1. SHOOT Zine no. 5, page 12, 2007
For this project, I was initially thinking of selecting my portraits of others alongside me, but came to think of a way of presenting a development of self-portraiture through various projects. The first self-portrait is a page from the fifth zine in my series SHOOT (2005 - 2008). This was from about two years into making the zines, and at the moment when I realised that I needed to turn the camera on myself more directly. I had to be willing to be vulnerable in the same ways that I was asking my friends.
2. “Untitled, Glasco Turnpike”, 2009, unpublished
Both this and the next picture are outtakes from 2009 or, more precisely, works that were never seen. This is from a project at my second residency at the Center for Photography at Woodstock, where I began really understanding what an artist studio could be. I am photographing myself as I pin up a roll of prints: images sent to me from a friend in Croatia. We met just before I left for this residency, and I incorporated our exchange into a daily process of photographing myself and the space.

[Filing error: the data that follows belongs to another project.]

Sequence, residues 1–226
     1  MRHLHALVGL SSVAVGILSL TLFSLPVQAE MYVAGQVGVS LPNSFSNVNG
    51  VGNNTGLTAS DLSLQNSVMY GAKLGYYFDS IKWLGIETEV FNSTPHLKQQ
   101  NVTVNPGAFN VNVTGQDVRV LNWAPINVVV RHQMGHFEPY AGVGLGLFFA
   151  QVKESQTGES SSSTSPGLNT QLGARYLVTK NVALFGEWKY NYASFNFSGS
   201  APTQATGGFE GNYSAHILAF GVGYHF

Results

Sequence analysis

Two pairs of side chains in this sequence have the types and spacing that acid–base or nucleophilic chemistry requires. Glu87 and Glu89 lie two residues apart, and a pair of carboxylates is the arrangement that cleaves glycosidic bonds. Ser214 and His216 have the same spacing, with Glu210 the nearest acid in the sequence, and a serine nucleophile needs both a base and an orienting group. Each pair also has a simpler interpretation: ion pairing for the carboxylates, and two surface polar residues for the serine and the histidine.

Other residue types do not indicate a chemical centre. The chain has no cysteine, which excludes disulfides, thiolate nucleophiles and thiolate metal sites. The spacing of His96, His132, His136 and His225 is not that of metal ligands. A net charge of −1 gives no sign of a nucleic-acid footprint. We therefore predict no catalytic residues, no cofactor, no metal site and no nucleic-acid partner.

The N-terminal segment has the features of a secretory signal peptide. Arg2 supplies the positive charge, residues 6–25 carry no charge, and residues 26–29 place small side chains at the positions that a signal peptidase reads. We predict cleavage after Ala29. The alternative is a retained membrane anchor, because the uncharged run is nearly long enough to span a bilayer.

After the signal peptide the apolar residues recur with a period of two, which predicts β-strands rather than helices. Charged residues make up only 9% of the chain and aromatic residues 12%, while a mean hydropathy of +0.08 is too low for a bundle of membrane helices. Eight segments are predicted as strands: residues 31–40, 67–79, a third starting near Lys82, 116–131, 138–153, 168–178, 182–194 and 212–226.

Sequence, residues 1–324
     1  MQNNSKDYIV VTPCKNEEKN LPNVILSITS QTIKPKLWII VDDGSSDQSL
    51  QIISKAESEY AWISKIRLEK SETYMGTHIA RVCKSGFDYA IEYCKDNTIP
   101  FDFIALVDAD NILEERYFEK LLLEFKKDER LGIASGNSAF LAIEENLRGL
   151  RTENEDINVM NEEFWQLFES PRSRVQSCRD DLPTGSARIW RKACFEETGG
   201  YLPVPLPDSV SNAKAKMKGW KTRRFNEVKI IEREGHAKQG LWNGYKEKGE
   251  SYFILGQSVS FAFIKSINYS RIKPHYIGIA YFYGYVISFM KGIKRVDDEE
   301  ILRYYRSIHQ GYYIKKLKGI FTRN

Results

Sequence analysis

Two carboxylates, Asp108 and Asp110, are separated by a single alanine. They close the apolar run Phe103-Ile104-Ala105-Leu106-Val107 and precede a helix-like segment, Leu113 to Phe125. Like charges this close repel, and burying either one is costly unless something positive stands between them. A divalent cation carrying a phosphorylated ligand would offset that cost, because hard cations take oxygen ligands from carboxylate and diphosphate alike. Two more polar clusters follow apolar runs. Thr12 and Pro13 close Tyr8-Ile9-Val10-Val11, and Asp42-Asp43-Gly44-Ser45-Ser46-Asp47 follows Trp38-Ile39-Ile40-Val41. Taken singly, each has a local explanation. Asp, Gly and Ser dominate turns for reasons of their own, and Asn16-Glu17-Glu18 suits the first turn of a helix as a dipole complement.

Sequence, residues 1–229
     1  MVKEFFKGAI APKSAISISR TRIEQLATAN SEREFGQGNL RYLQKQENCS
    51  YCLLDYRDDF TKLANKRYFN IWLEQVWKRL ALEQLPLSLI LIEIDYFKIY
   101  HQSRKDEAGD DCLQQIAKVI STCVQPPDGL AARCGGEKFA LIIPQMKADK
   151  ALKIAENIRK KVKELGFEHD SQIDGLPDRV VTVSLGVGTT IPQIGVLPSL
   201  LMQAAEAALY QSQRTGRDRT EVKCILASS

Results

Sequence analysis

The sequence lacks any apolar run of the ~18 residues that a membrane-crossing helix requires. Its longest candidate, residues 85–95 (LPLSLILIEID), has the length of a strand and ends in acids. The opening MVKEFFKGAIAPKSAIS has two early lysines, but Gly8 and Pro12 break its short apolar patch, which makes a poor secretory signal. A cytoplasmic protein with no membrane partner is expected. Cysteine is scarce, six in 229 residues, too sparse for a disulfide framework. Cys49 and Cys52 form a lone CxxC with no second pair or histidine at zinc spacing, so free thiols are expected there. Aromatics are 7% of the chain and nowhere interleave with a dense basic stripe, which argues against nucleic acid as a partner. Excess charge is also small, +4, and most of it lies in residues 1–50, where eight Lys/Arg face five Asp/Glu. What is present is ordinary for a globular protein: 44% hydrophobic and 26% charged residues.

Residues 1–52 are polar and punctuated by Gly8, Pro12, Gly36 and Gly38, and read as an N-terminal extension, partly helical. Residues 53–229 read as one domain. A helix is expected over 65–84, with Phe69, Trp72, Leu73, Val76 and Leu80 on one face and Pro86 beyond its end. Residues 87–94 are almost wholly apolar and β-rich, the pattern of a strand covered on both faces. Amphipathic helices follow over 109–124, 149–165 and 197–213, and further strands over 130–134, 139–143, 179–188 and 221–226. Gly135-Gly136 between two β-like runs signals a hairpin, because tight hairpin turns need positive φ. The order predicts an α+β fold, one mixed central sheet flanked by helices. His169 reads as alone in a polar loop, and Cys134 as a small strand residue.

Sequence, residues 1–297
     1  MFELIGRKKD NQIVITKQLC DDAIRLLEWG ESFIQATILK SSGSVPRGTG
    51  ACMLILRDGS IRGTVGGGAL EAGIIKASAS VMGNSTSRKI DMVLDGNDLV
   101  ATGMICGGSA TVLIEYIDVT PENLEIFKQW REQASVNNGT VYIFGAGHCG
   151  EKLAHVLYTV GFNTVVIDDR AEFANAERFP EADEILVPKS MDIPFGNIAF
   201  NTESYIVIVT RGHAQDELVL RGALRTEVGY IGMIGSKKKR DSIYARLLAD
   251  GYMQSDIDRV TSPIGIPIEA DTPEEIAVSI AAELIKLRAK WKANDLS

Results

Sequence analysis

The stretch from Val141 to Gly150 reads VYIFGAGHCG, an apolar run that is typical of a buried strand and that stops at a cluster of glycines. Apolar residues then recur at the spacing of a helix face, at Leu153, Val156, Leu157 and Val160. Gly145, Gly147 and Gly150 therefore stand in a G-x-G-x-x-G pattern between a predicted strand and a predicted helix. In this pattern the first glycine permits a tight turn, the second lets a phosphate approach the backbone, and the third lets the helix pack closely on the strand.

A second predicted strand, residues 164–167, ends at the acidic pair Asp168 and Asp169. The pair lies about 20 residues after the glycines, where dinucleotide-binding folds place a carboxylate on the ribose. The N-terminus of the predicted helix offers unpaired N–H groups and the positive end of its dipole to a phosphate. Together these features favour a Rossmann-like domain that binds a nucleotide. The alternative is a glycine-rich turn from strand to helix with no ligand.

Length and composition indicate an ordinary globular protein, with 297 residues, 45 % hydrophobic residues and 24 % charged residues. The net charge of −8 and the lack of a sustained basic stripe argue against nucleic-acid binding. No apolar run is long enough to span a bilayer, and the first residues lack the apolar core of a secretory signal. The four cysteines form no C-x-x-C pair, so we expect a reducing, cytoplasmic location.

3. “Untitled”, 2010, unpublished
I’ve always returned to this outtake. It’s a snapshot looking across my bed at a self-portrait I made of myself in Woodstock the summer before, and framed after it came back from the one group show it was included in. I lived with a lot of work that perhaps had one opportunity to be seen, or that I made and piled up around me. It got me thinking about time, and what happens when images return to the artist, transformed.
4.“Studio, after Jeffrey, March 2”, 2011, c-print, 10 x 8 inches (Diptych, Left Image)
This observation of my studio during my residency at the Studio Museum in Harlem doesn’t at first seem like a self-portrait, but, like the prior image, a then-unresolved self-portrait leans against the wall to the right. Cut off by the frame, it reappeared the next year in my exhibition STUDIO WORK. In the foreground are test prints of a former friend, Tony, and in the middle ground my friend Jeffrey’s boots. This was taken in an off-moment while making Jeffrey’s portrait. Back toward the wall are old bed sheets I would use as make-shift backdrops, which would be revisited five years later.